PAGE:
“I wandered lonely as a cloud
That floats on high o’er vales and hills,
When all at once I saw a crowd
A host, of golden daffodils;
Beside the lake, beneath the trees,
Fluttering and dancing in the breeze.”
Greetings, and welcome to March. It’s time to welcome the coming of spring in our hemisphere, and the Vernal Equinox on March 20th! “Equinox” means “equal night,” when our sun zeniths directly over the Equator and day and night are of equal length. So for those of you who think, twice a year, “Wow, the days are really getting shorter/longer now,” the Equinox is precisely halfway between your opportunities to mutter about the changing light.
(A “march” is also a borderland, frontier or wilderness. If you find yourself a bit mercurial, excitable or over-amorous, your sap rising a bit, perhaps you are experiencing a phenomenon about which your friends and family will whisper, under their breaths, “Madder than a march hare!”)
March is a metaphorical Spring at Starr King Church, too. In springtime, one plants the seeds which, properly tended, will bring a rich and satisfying harvest. Just so, our Canvass Kick-Off commences on Sunday March 11th, when we will be making our pledges to Starr King UU Church for the coming year. Each of us will have the opportunity to look into our hearts and ask, “Am I planting seeds in the precious soil of our beloved community as generously as I should? Am I doing my part to support the mission and work of Starr King, to prepare our fields for new growth, not only to feed me and mine, but to feed my friends, my community and the many people I haven’t met yet who will come to us in their search for meaning and a spiritual home?” It is your support that makes the work of this congregation possible, enabling us to be a beacon of liberal religious values in our larger community. Give bravely, generously, joyfully! This is your home.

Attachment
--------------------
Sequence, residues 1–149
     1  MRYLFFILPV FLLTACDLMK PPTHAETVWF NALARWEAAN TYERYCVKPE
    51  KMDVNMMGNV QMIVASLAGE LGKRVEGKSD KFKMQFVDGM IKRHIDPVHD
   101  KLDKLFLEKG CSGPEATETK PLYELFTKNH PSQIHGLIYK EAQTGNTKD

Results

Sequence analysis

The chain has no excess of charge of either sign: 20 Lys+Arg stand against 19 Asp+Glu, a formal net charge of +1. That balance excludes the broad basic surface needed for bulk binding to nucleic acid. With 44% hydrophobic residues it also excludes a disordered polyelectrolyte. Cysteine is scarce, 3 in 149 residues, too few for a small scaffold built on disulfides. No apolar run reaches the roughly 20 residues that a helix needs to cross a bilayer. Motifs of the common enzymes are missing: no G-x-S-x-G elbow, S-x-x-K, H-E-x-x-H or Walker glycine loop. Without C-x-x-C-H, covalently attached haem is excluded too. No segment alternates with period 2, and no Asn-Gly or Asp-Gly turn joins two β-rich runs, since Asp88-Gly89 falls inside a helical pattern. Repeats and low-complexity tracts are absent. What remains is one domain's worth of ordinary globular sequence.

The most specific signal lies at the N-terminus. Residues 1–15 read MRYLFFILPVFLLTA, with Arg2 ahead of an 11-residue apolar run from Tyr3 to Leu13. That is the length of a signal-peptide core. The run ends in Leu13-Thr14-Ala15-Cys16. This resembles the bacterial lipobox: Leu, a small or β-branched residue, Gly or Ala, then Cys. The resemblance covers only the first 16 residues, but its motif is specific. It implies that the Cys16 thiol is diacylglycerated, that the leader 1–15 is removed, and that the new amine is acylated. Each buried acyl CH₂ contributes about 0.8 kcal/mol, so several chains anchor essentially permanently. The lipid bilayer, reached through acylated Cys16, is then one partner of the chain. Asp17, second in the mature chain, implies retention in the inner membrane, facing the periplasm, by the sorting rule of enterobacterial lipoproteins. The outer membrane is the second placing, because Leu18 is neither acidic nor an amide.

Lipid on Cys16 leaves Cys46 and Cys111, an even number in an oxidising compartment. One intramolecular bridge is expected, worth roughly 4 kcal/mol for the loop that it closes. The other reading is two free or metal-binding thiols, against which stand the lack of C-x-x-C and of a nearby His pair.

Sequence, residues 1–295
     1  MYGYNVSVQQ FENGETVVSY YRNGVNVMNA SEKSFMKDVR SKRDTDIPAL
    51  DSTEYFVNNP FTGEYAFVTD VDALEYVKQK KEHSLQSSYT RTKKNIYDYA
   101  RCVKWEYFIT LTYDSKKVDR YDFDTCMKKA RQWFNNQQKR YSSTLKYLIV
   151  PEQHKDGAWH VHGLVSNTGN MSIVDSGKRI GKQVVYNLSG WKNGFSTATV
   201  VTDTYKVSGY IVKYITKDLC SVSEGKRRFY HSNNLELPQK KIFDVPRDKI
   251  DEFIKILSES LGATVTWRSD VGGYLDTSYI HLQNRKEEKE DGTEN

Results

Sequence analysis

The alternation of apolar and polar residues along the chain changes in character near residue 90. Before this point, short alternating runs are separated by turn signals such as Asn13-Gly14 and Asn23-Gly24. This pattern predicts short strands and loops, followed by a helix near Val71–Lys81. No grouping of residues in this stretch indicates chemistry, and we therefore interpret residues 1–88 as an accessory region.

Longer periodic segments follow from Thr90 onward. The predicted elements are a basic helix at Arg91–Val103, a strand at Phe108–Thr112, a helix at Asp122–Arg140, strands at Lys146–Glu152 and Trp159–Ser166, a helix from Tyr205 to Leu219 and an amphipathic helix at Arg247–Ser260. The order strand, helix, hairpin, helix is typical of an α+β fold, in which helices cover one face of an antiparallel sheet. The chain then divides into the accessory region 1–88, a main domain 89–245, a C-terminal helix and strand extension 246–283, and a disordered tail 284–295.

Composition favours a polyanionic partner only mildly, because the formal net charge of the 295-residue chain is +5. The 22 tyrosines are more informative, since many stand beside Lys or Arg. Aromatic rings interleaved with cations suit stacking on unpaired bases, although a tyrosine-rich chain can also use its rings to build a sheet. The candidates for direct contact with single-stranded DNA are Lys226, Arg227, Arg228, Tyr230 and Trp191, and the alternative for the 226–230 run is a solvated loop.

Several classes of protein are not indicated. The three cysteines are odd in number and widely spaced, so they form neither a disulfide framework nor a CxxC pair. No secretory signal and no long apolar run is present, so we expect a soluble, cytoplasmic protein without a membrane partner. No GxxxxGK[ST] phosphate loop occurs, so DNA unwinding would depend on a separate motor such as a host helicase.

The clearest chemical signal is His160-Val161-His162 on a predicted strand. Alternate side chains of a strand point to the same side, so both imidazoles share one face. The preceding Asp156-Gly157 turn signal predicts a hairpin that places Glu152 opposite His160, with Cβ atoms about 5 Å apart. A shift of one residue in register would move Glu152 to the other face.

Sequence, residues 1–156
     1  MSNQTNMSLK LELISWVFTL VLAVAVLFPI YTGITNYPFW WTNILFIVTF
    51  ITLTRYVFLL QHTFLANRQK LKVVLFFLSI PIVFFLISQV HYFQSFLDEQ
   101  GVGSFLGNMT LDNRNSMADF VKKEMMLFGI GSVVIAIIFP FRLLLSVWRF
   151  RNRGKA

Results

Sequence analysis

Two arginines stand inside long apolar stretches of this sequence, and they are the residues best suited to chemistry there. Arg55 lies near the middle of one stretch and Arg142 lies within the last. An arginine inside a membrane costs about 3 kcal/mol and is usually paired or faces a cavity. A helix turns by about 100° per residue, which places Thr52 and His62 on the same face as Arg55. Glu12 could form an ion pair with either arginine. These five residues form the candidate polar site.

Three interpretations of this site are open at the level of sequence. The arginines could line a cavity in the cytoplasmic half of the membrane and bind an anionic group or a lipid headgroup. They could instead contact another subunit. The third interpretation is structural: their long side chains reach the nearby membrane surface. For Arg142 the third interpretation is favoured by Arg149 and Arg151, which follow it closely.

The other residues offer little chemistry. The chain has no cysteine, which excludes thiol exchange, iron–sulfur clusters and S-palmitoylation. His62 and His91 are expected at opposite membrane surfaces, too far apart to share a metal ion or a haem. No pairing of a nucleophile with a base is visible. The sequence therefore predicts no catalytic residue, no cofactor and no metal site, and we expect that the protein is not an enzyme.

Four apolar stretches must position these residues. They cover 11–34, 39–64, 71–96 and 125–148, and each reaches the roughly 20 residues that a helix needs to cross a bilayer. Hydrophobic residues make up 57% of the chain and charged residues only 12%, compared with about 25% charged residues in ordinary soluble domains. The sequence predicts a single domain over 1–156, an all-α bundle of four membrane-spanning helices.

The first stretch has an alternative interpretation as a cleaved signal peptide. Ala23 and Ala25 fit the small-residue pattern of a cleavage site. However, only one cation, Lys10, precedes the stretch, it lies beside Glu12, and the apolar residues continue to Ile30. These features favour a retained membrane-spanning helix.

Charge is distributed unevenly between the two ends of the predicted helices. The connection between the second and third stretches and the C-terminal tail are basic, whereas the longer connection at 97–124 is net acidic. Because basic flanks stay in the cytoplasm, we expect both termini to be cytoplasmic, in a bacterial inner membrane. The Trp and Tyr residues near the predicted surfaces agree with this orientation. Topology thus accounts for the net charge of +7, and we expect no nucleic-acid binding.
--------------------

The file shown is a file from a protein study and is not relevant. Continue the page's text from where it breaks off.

Finally, March is Women’s History Month. The status of women in the world today is a painful mix of great progress and desperate social disenfranchisement, even persecution. Women’s contributions customarily have been swept under the rug of history, disconnected from the stories of our collective social and political progress for the very sake of disconnection. Revealing and remembering this discounted history is a primary tool for women and men in healing this injustice — not only remembering as calling back a thought, but remembering as reattaching parts (“members”) of the body politic which have been unjustly cut off. There are wonderful browsing resources from the Library of Congress at womenshistorymonth.gov, or womenshistory.about.com. And hold in your hearts the promise of poet Judy Grahn, who wrote, with slightly different punctuation, “The common woman is as common as the best of bread, and will rise, and will become strong–I swear to you! I swear it to you on my common Woman’s head.”